The “Innovator Of Violence” Does It His Way With House of Hardcore


Once upon a time, Tommy Dreamer made a name for himself as one of the most fearless, extreme pro wrestlers the sport has ever seen, wielding the Singapore cane and demolishing tables with reckless abandon. Back in those days, annihilating his opponents and causing as much collateral damage as possible were his two main concerns. But fast-forward two decades—Tommy Dreamer is no longer just a wrestler, but is now his own boss. And with that shift comes responsibilities the old Tommy Dreamer probably never imagined. For instance, now he has to pay for those tables.

“I love breaking tables, I do. I made a career out of it,” he explains. “But there’s only one place now where you can still get those kind of tables to break, and they’re anywhere between $135 to $185. It’s literally taking almost $200 and ripping it in half. So that’s what you have to be mindful of.”

It’s probably not what you’d expect to hear from the man who once took pleasure in taking repeated cane shots from Sandman, and crucified Raven to a steel cage for the chair shot heard ’round the world. This is Tommy Dreamer, responsible businessman and proprietor of House of Hardcore, one of the most talked-about independent wrestling companies to burst on the scene in quite some time. However, make no mistake—he may be running the show these days, but he has most definitely not lost his edge, which is evidenced by the loyal fan following HOH has attracted in just six short years.

Long-time fans may remember the original “House Of Hardcore,” which was the training camp that prepared wrestlers for ECW, the revolutionary company where Dreamer originally made his name during the 1990s. Naturally, this new House of Hardcore was named as a tip of the hat to Dreamer’s “alma mater.” It also started in the spring of 2012 as a wrestling school based out of the venerable Mid-Hudson Civic Center in Poughkeepsie, New York. When the owners of the Civic Center approached Dreamer to put on a show using his trainees and trainers in October 2012, Dreamer agreed.

One show then turned into two shows, and by 2014 Dreamer was presenting four House of Hardcore events per year, even using the legendary 2300 Arena in South Philly—the building once known as the ECW Arena, where Dreamer and so many other “ECW Originals” made wrestling history every month during the era of Bill Clinton and Seinfeld. And yet, from the beginning, it was important to Dreamer that House of Hardcore not be seen as simply an ECW tribute show.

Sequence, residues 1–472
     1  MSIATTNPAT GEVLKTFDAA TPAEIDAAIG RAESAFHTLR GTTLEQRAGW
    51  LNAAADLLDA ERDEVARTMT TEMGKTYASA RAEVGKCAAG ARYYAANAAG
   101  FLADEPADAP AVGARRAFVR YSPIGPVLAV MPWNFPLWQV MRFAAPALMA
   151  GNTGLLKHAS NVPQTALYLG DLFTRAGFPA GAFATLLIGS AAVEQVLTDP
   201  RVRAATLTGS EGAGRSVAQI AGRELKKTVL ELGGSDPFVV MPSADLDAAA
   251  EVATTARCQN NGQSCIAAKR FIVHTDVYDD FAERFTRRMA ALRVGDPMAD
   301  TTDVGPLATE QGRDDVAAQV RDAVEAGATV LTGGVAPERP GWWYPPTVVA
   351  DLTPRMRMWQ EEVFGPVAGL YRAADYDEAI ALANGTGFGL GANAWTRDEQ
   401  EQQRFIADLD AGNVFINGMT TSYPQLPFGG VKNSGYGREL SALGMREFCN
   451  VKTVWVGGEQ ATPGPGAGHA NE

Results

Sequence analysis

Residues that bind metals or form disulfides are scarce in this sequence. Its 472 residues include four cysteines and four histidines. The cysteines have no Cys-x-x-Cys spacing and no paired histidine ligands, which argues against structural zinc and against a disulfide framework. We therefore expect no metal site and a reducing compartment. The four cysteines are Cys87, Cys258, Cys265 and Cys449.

“I never wanted to be the next ECW,” he says. “When we first came out, people said it was another ECW reunion, because I had me and Rhyno on the show. And I said, no, it’s not. And I work super duper hard that it will never be that, because that was awesome, and I got to live so many amazing moments, but now I just want to create new moments for people, because I was blessed to be a part of so many.”

But it wasn’t until 2016 that Dreamer truly began to realize the potential of HOH, when he made a deal to bring the show to Toronto’s Ted Reeve Arena. Dreamer turned a lot of heads in the industry when the Canadian-based Fight Network put HOH on the air for a 10-week run to promote the Toronto debut. And when HOH set the all-time attendance record for wrestling in the 60-year-old venue, Dreamer realized he just might be on to something. From that point forward, HOH has been presented on a roughly monthly basis, which is just the way Dreamer wants it.

“I feel there’s too much wrestling on TV,” says Dreamer, who has bypassed TV altogether by streaming HOH events on the Internet. “I just want to do monthly specials for now, with a weekly hype, and so far it’s been paying off. The world is all about content, so it’s on your phone, on your laptop, on your smart TV, just like the WWE Network—except it’s free.”

That “weekly hype” comes in the form of a streaming show on Amazon’s platform, which began offering HOH content last November. Thanks to the exclusive deal, Twitch now live-streams all of HOH’s monthly events, as well as the weekly House of Hardcore TV, which features promos for upcoming events, results of past events, and archived matches. The new regular platform has also encouraged Dreamer to focus more on developing episodic angles, and even introducing championships for the first time in HOH’s history, beginning with the House of Hardcore TV title captured in April by Willie Mack in the finals of a tournament that stretched across the first four months of 2018.

Along the way, Dreamer has enjoyed co-promotional partnerships with companies including Ring of Honor and Impact Wrestling, raising HOH’s profile in the process. Dreamer’s passion for House of Hardcore comes through in the product. He believes this is a big part of why the company has been able to succeed for six years in the sink-or-swim world of independent wrestling, connecting to an ever-growing fan base. Fans believe in Dreamer and, most importantly, they trust him.

“It’s what I learned in ECW,” he explains. “What I learned from Paul Heyman was never lie to the fans. My reputation with the fans has helped me because they know I’ve never lied to them. When I wasn’t happy in WWE, I did that thing with Zack Ryder, where if I lost, I would never wrestle in ECW again. And I did. Same with when I was in Impact, and the stipulation was I would never wrestle Raven again, and never do any ECW reunions again. I’ve been asked to wrestle Raven a million times since then, and I say no. I hate when wrestlers announce their retirement and come back. I’ve kept to every stipulation. Fans appreciate things like that, and they appreciate my hard work. With House of Hardcore, I’ve brought them along on my journey the entire time.”

For HOH’s growing faithful, that’s a journey they’ve been happy to take, and a journey that looks to be only beginning.

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